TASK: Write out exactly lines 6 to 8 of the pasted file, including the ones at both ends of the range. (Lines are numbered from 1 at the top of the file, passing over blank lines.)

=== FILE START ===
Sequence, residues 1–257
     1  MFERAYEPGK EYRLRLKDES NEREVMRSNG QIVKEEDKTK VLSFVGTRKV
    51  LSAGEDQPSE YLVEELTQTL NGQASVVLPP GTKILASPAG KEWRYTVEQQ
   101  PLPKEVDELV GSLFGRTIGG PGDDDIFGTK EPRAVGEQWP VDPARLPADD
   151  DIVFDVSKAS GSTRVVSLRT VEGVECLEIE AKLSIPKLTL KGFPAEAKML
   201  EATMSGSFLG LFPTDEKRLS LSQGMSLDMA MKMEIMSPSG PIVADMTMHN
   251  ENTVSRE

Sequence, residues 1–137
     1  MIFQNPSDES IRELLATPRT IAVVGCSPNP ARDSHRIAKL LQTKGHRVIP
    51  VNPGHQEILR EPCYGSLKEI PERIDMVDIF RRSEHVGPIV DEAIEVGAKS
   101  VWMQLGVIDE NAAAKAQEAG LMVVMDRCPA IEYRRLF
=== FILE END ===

   201  EATMSGSFLG LFPTDEKRLS LSQGMSLDMA MKMEIMSPSG PIVADMTMHN
   251  ENTVSRE

Sequence, residues 1–137